Cochlear implants and telehealth stand out as two of the stars on the short list of emerging health tech. Both developments are on fast paths to what looks-like-from-here wide implementation. Telehealth is regularly in the news and we’re on it like white on hospital sheets. In April 2017 we covered an Accenture survey that showed consumers are interested and ready for telehealth. In November 2017 we wrote about states modifying or enacting laws to allow telehealth services. This summer, in July 2017, we noted Cochlear Americas’ iPhone-compatible Cochlear Nucleus 7 Sound Processor. Last month the FDA joined in with an announcement that ties together cochlear implants and telehealth.
Cochlear implants are implanted electronic hearing devices that stimulate nerves in the inner ear. The implants aren’t hearing aid alternatives for the general population but can help people with severe to profound hearing loss. Candidates for cochlear implants are often children. The devices are also appropriate for people of any age who lose most of their ability to hear from a variety of reasons including genetics, disease, and traumatic injury. Telehealth relates to cochlear implants because of the need for periodic programming adjustments. The adjustments are intended to improve quality of life by helping patients better understand speech, remain comfortable in loud areas, and remain independent performing life tasks. Cochlear implant adjustments must be made by an audiologist. Traditionally the sessions have required office visits which can be burdensome on patients and families, especially if the patient needs adjustments frequently or lives at a distance from the audiologist.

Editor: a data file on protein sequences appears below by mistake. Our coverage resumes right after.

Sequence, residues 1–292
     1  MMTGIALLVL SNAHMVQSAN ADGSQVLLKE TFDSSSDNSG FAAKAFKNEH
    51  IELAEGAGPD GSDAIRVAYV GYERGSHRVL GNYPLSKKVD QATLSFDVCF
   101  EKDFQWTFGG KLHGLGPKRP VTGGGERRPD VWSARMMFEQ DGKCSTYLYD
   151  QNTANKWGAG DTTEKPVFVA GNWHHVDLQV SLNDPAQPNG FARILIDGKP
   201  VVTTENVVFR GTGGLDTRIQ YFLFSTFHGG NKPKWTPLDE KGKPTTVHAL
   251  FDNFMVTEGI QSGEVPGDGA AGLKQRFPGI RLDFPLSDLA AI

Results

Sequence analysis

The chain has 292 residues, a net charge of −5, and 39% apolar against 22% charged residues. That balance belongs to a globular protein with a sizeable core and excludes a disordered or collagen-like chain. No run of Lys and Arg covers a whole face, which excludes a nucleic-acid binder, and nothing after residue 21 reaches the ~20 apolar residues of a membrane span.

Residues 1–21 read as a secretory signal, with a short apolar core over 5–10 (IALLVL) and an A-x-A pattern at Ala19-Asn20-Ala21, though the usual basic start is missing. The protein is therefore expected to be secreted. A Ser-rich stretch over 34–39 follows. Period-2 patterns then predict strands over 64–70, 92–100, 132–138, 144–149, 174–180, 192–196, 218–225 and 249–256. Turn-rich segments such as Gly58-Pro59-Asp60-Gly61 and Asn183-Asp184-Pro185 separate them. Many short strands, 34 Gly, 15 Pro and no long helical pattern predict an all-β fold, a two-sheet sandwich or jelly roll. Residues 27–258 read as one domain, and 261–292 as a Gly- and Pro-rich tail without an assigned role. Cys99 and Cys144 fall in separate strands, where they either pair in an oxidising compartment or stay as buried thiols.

The FDA evaluated data from a clinical study that compared speech perception, patient self-assessment, and cybersecurity measures of in-person and remote telehealth programming sessions. There were no significant differences between the two groups. As a result, the FDA approved telehealth follow-up programming sessions to Cochlear Americas, specifically for the Nucleus Cochlear Implant System about which we wrote last summer. The future implications for telehealth support for cochlear implants are huge, as are the potentials for additional appropriate telehealth implementations for a wide variety of health and health-related conditions or treatments.